Reevaluating Proposals for Tort Claims Markets in a World of Mass Tort Litigation

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I. Permitting the Sale of Tort Claims as an Alternative Form of Litigation Financing.............301

A. The History of Prohibitions Against the Sale of Tort Claims...................301

B. Evaluating Proposals to Establish Tort Claims Markets....................303

C. Common Arguments for the Sale of Tort Claims................305

1. Increased Victim Compensation.................305

2. Equalizing the Power Disparity Between Plaintiffs and Defendants...................307

3. Existing Forms of Claim Transfer...........................308

D. Common Arguments Against Tort Claims Markets.........................310

1. Tort Claims Markets Would Spur Frivolous Litigation............310 2. Tort Claims Markets Raise Legal Ethics Problems.311

3. Alienability of Tort Claims and Individual Justice..312

II. Reevaluating the Debate over Tort Claims Markets in Light of the Rise of Mass Tort Litigation............314

A. An Overview of Mass Torts..............314

B. Reevaluating the Debate over Selling Tort Claims in Light of Features of Mass Tort Litigation...............316

1. The Trend Towards Aggregation and Settlement in Mass Torts..................316

2. How a Market for Tort Claims Comports with Mass Tort Litigation..................317

a. Economies of Scale and Reducing Transaction Costs..............318

b. Reducing Organizational and Ethical Difficulties.................318

3. Individual Justice in Mass Tort Litigation...............320

4. Systemic Effects of Tort Claims Markets on Mass Tort Litigation................321

III. Conclusion.............322

Third-party financing of litigation has, in recent years, emerged as a heated area of debate. 1 Proposals to relax state champerty restrictions and legal ethics rules in order to allow investors to purchase and then pursue tort claims have not traditionally found receptive audiences for a variety of reasons.2 The concept of selling one's tort claim is discomforting; it conflicts with our traditional notion of a lawsuit.3 Furthermore, there are concerns that such reform would spur frivolous litigation, an objection often applied to third-party financing as a whole.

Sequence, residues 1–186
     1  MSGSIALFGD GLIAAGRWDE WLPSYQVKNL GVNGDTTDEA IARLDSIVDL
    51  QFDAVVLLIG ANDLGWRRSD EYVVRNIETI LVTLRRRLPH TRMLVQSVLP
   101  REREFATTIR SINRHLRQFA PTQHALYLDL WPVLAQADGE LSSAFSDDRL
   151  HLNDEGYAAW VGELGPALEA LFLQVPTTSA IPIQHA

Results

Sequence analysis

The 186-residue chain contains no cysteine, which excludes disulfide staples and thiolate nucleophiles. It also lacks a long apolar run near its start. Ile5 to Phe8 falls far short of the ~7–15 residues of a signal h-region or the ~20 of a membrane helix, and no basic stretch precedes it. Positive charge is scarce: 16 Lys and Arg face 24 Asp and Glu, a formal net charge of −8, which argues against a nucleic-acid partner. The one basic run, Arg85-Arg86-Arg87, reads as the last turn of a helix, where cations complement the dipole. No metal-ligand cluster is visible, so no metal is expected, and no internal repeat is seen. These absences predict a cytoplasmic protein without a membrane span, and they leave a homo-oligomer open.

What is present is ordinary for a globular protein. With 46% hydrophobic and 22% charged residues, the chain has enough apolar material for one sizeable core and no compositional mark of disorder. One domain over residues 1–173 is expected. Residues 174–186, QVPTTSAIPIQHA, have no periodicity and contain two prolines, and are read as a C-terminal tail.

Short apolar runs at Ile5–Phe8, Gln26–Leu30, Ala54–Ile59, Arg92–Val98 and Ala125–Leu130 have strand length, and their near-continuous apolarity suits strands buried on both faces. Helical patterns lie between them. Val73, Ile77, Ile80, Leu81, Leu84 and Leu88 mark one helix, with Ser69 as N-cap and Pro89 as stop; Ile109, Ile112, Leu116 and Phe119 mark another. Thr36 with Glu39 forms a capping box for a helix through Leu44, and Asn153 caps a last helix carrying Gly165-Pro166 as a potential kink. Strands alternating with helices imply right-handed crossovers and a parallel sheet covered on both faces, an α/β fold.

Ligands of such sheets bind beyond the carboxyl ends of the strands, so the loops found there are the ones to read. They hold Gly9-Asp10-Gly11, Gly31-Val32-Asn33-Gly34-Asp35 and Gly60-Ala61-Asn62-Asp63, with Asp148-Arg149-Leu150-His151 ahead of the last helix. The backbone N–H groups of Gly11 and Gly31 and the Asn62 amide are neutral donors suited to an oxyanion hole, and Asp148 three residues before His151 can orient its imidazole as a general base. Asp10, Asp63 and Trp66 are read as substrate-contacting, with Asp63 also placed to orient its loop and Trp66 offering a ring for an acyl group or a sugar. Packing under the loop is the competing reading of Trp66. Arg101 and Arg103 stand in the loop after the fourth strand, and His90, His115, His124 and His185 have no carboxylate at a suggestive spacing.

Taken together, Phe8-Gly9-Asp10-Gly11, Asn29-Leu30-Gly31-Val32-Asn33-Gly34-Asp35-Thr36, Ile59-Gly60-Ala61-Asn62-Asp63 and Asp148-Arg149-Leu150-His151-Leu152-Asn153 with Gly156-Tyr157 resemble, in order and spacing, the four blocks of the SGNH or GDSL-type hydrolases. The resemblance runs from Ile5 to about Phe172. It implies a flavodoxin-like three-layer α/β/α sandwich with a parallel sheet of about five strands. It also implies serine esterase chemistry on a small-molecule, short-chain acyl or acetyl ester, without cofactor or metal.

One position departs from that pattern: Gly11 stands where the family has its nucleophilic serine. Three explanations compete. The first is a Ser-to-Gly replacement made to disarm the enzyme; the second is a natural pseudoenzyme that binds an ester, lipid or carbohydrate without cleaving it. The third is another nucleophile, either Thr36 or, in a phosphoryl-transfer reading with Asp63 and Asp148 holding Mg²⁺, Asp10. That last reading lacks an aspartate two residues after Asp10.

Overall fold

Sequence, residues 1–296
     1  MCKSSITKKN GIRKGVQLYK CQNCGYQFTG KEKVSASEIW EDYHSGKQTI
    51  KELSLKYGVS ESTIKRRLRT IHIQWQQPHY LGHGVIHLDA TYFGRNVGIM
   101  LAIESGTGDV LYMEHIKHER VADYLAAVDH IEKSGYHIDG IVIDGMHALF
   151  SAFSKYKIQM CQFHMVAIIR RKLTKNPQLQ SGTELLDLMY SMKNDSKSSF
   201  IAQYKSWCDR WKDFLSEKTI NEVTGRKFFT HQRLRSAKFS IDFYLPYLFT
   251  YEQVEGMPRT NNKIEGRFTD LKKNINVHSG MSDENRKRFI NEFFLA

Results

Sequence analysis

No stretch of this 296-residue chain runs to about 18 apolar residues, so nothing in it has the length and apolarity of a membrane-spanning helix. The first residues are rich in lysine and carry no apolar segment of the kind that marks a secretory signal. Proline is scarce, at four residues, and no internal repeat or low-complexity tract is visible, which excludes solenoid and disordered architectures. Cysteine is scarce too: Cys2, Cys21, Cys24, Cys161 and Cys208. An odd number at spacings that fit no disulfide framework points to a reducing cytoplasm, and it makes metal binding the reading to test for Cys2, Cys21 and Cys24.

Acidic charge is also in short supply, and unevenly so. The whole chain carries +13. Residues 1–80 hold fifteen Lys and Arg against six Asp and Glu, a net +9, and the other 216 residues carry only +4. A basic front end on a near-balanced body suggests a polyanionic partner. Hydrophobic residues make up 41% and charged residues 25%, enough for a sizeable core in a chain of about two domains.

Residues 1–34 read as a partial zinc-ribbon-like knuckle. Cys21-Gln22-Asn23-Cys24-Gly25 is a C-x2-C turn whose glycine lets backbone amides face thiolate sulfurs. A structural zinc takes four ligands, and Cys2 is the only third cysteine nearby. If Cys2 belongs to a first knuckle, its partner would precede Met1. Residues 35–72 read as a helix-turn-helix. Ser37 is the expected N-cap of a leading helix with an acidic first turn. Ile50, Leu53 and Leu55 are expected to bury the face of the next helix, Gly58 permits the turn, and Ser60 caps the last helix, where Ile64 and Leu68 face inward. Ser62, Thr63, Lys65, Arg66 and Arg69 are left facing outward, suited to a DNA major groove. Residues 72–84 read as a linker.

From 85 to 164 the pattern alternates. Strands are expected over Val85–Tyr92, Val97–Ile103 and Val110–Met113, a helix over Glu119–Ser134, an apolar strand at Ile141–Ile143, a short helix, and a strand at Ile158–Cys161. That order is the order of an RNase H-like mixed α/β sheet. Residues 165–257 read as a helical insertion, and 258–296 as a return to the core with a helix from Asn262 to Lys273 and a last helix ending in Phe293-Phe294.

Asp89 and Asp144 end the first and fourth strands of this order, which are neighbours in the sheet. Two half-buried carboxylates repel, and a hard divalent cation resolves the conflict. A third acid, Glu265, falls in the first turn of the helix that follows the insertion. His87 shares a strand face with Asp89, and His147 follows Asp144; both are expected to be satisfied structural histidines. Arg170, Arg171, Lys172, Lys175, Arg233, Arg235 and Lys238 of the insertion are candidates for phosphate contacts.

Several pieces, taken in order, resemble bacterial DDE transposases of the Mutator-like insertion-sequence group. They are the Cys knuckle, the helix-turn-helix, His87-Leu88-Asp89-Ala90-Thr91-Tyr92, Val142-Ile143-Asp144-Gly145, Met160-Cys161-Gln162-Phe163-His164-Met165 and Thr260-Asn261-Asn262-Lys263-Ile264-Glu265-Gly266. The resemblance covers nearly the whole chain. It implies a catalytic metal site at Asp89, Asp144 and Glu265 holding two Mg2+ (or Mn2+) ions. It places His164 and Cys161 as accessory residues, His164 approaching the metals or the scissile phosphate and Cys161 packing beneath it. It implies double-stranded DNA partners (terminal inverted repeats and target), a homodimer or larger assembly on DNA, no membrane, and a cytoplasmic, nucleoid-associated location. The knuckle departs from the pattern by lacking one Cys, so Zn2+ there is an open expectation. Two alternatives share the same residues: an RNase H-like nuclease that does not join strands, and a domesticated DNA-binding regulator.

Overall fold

With the rise of mass tort litigation, however, proposals that would open up a market for tort claims deserve réévaluation. Mass tort litigation is different than the traditional single-party dispute, especially with regard to aggregation and settlement, and it implicates different public policy concerns.5 In this Note, I argue that permitting the sale of mass tort claims comports with the framework of mass tort litigation, and that such proposals deserve serious consideration as possible solutions to some of the problems posed by mass torts.

In Part I, I give an overview of the restrictions on the assignment of tort claims and examine both sides of the debate over whether these restrictions should be repealed to allow a market for tort claims to develop. In Part II, I describe the unique features of mass tort litigation and, in light of them, reevaluate the debate over tort claims markets. I conclude that, with the rise of a streamlined litigation model that emphasizes efficiency, aggregation, and settlement, at the expense of individualized litigation, the objections to the sale of tort claims lose traction. Moreover, creating a market for tort claims aligns with the concerns posed by mass tort litigation, and, therefore, such proposals warrant consideration as attempts to address the issues facing mass tort litigation.

I. Permitting the Sale of Tort Claims as an Alternative Form of Litigation Financing

A. The History of Prohibitions Against the Sale of Tort Claims

Modern prohibitions against the acquisition of part or all of a tort claim have their roots in the ancient English common law prohibitions of maintenance and champerty. Maintenance is an "officious intermeddling in a suit that no way belongs to one, by maintaining or assisting either party with money or otherwise, to prosecute or defend it. …